Finding Shadow NAVs for Money Market Funds

Money market funds always seek to maintain a published stable net asset value (NAV) of $1.00. If it drops even to $0.99, known as “breaking the buck”, people start to panic. Funds are allowed us book values and then round to the nearest penny ($0.995 becomes $1.00), so small fluctuations can be hidden from investors. On January 31st, the SEC started requiring money market funds to disclose their “shadow” NAV, which is the value of their holding at actual market prices out to four decimals places (i.e. $0.9995 or $1.0003). However, you only get to see them with a 60-day lag and by looking through SEC filings.

Shadow NAV Definition

The net asset value per share most recently calculated using available market quotations (or an appropriate substitute that reflects current market conditions), including the value of any capital support agreement, to the nearest hundredth of a cent.

How Do I Find The Shadow NAV For a Specific Fund?
These shadow NAVs are not widely publicized, although if a major money market fund had an abnormally low one, the financial media would probably pick up on it. To find the latest shadow NAV for a specific fund:

  • Visit the SEC EDGAR Search page and enter the ticker symbol.
  • Filter the big list of results by entering “N-MFP” under Filing Type.
  • The highest result should be the most recent N-MFP filing. Click on the “Documents” button, followed by clicking on the red link for “primary_doc.html”.
  • Scroll down to “Item 18. Shadow Price of the Series” for your fund.

As an example, here is the latest N-MFP filing for the Fidelity Cash Reserves Fund (FDRXX) with a Shadow NAV of $1.0003 as of 1/31/11.

What Is A Dangerously Low Shadow NAV?

Mutual fund companies including Vanguard have been quick to point out that tiny variations are normal. However, the consensus appears that be that anything lower than $0.999 would be out of the ordinary. The ratings agency Standard & Poor’s asks for daily pricing reports whenever a fund dips below $0.9985. Via Businessweek:

According to Krasner and Peter Crane, president of money fund research firm Crane Data, companies are right in most cases to tell investors not to fret. Shadow NAVs could reveal a small number of troubled funds. “Anything below $0.999 will be an outlier,” Crane says.

George “Gus” Sauter, Vanguard’s chief investment officer, says barring a normal dip after an interest rate hike, a shadow NAV below $.998 is a red flag.

Poor Warning Signal?
However, before you start checking in on your fund every month, consider this commentary from Crane Data. Basically, they say that money market funds hold investments with such short maturities that a 60-day lag won’t be much of a warning. By the time you see the abnormally low shadow NAV, the fund will either have moved to fix the problem or it would be too late anyway.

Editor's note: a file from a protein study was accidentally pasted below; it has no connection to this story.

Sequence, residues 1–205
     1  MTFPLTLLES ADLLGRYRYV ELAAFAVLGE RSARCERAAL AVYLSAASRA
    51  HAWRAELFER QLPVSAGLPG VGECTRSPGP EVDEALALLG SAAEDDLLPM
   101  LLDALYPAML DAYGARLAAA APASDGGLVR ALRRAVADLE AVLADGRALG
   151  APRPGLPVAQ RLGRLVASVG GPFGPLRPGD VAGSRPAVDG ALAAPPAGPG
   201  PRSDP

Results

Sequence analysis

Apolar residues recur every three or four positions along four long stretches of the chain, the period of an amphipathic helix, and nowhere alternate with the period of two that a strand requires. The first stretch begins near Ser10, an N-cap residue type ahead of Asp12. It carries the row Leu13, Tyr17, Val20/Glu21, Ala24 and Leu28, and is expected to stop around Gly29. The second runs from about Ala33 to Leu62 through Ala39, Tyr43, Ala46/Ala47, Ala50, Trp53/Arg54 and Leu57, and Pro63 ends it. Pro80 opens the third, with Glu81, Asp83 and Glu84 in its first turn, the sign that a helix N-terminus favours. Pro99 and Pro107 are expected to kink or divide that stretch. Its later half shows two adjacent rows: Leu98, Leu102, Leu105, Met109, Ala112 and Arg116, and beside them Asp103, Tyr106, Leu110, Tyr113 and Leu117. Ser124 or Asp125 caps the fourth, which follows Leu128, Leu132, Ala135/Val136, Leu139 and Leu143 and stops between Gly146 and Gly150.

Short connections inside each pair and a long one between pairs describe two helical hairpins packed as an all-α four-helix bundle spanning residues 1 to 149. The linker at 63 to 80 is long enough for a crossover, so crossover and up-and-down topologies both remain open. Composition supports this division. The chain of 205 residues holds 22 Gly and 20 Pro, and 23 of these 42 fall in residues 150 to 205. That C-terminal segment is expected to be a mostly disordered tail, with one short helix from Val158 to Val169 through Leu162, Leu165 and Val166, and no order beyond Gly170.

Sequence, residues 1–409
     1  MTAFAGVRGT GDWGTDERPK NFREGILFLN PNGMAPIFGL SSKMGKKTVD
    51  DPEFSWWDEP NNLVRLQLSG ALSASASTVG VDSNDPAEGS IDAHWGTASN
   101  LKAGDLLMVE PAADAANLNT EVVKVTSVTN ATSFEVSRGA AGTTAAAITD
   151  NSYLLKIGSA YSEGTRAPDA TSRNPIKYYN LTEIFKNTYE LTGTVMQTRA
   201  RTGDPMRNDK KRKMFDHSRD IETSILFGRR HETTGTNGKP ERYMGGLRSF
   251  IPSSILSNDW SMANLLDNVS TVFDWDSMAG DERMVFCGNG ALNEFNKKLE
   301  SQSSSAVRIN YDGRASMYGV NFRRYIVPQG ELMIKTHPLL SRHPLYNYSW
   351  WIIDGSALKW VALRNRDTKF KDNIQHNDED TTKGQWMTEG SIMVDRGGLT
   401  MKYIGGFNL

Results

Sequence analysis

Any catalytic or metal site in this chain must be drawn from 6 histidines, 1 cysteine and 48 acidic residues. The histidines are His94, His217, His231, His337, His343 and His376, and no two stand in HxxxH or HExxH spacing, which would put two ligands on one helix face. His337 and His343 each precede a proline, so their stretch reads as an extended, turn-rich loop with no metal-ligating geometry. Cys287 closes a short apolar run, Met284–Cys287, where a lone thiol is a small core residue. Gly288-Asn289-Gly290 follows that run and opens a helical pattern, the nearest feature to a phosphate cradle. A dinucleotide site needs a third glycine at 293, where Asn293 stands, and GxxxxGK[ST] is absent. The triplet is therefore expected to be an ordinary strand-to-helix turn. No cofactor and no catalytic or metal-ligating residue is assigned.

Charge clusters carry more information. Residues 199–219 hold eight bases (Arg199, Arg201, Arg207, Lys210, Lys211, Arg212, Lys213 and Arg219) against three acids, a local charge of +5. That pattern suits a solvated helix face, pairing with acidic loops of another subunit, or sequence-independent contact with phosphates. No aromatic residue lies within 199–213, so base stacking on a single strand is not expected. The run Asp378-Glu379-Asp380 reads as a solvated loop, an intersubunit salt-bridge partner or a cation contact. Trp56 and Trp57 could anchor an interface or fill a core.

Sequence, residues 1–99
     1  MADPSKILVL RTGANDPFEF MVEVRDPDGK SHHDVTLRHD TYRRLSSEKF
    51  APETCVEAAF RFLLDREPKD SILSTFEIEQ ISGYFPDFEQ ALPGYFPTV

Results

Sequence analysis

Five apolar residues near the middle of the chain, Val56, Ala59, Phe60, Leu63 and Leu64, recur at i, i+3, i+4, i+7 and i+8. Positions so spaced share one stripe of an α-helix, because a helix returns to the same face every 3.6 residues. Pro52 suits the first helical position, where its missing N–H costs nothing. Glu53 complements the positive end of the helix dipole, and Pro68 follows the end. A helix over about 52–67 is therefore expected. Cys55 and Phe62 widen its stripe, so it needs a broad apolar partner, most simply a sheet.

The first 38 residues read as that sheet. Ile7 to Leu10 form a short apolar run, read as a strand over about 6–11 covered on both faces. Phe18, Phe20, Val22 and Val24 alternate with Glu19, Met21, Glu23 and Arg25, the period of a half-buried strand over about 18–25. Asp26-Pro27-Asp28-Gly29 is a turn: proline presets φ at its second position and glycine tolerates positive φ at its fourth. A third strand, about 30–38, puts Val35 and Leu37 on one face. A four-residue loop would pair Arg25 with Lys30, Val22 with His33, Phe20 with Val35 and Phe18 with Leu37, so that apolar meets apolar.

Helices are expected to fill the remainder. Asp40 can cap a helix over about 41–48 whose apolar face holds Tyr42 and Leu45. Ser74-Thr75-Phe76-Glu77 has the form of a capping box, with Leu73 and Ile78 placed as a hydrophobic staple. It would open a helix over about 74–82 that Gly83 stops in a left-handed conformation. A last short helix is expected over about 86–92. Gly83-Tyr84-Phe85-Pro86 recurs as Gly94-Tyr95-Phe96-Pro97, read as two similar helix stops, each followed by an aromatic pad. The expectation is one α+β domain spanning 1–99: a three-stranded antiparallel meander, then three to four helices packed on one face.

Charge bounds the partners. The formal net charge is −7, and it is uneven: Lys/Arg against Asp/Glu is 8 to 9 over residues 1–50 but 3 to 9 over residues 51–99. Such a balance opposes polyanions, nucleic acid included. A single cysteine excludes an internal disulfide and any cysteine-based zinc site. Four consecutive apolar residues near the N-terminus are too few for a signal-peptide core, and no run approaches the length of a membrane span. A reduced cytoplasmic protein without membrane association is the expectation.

Money market funds breaking the buck remain rare. Only two funds have done so, and their final NAVs were $0.96 and $0.97. (More funds might have had problems if it wasn’t for the Treasury offering a guarantee in 2008.)

These days, interest rates are so low there is little reason to use money market funds in the first place. In my opinion, if you are holding a money market fund the best advice may be simply to hold them with firms that have the ability and willingness to cover any losses that do occur to protect their reputations. According to Businessweek, Charles Schwab and T. Rowe Price spent $132 million and $17 million, respectively, in late 2010 on their funds in order to avoid showing shadow NAVs of under $1.00 on January 31st.


  1. I’ve always wondered how Vanguard would cover losses in their MM funds, given their coop ownership structure. I.e., is there equity somewhere that Vanguard could put to such a purpose; or might Vanguard borrow the needed money (but would all Vanguard funds then be on the hook for repayment?) I’ve asked the question of Vanguard, but have never gotten an answer.

  2. Very interesting read,
    After reading this, one part that I do not understand is why NAV of MoneyMarket fund varies, who fixes its value say, we hold Vanguar Money Market Fund ?.

  3. Tips,

    Securities inside a Money Market Fund (MMF) change in value continously. However, because most of the securities held by MMF have a short maturirty/duration, are liquid, and have a strong credit rating, the change in price of these securities is very very small. Unless, a mayor “credit” or “liquidity” event happens, the change in price of the securitis is hardly distinguishable.

    Simliar to a stock, a bond, a t-bill, or a CD have an active market where invetsors buy and sell these securities; therefore, creating liquidity for the instruments and providing a “price” for them as well.

    So, when a credit/liquidity event (like the one in 2008) hit the fixed income market, the prices of many of these securities goes down; hence, the NAV of the MMF goes down.

    Hope this helps. There are many other issues related to how to measure the NAV of a MMF and that there is a lag between the prices used to calculte the NAV of a fund and the actual price of the funs, but that is a whole other issue.

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